The New Year is a natural time for looking at where we’ve been and where we’re going.
Many of us recall the dire predictions in late 1999 of a Y2K disaster. Although computers did not fail on January 1, 2000 as some had feared, an avalanche of dystopian novels seemed to follow. One recent book that explores the perils of technology is Dave Eggers’ The Circle, which satirizes an internet utopia created through social media.
In the novel, Mae Holland is devoted to her job at a giant internet company, where she joins the other employees in her obsession with constant communication, attention, and recognition. Eventually she abandons her family, friends, privacy – and in the end, her identity -- for professional success. At first, the world Eggers presents looks very familiar, but slowly it morphs into a nightmare in which “the brave new world of virtual sharing and caring breeds monsters” (Margaret Atwood). Can sharing and caring really become oppressive, even evil? Eggers' book has been compared to Brave New World (Aldous Huxley), 1984 (George Orwell), Fahrenheit451 (Ray Bradbury), and The Handmaid’s Tale (Margaret Atwood).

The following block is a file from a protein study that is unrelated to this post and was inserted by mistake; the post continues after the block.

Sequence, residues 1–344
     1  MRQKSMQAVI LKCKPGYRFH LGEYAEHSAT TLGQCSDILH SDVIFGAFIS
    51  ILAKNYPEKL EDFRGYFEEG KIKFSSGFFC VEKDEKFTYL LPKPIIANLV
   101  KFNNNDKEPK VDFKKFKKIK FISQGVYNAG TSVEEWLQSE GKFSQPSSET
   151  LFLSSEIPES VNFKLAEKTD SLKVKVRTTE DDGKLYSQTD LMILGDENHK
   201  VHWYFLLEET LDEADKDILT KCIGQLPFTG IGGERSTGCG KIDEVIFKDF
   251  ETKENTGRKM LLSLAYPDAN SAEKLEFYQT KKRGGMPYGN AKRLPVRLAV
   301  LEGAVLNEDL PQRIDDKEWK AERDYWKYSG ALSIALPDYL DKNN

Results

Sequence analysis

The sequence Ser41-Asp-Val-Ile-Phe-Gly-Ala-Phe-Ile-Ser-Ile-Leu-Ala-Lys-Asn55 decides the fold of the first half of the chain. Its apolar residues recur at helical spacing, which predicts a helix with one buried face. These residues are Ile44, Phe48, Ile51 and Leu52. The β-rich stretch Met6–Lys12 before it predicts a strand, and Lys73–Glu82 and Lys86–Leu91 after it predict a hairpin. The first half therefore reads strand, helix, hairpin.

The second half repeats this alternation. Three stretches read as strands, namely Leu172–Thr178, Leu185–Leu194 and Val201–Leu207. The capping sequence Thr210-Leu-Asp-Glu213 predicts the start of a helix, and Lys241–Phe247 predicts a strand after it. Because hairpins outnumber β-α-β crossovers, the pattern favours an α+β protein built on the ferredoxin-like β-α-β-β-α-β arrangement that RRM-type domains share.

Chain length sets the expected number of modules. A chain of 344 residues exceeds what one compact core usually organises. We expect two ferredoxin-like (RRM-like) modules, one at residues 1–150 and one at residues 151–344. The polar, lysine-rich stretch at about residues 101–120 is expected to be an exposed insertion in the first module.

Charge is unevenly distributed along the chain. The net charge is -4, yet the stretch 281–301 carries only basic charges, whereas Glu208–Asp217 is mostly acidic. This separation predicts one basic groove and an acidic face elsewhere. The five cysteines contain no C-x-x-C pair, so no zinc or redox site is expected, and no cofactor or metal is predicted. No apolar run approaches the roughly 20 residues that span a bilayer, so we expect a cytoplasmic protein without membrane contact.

So why do books like these appeal to readers? Maybe it’s a relief to close the book and think: At least it’s not that bad – yet! The Circle, with its many fans and critics, would be a good book for discussion.
Other recent dystopian books include:
California – Edan Lepucki
Spark: A Novel- John Twelve Hawks
Tomorrow and Tomorrow – Sweterlitsch, Thomas
The Bees – Laline Paull
Red Rising – Pierce Brown
Archetype: A Novel – M.D. Waters
Lighthouse Island – Paulette Jiles
The Dog Stars – Peter Heller
When She Woke – Hillary Jordan
Zazen – Vanessa Veselka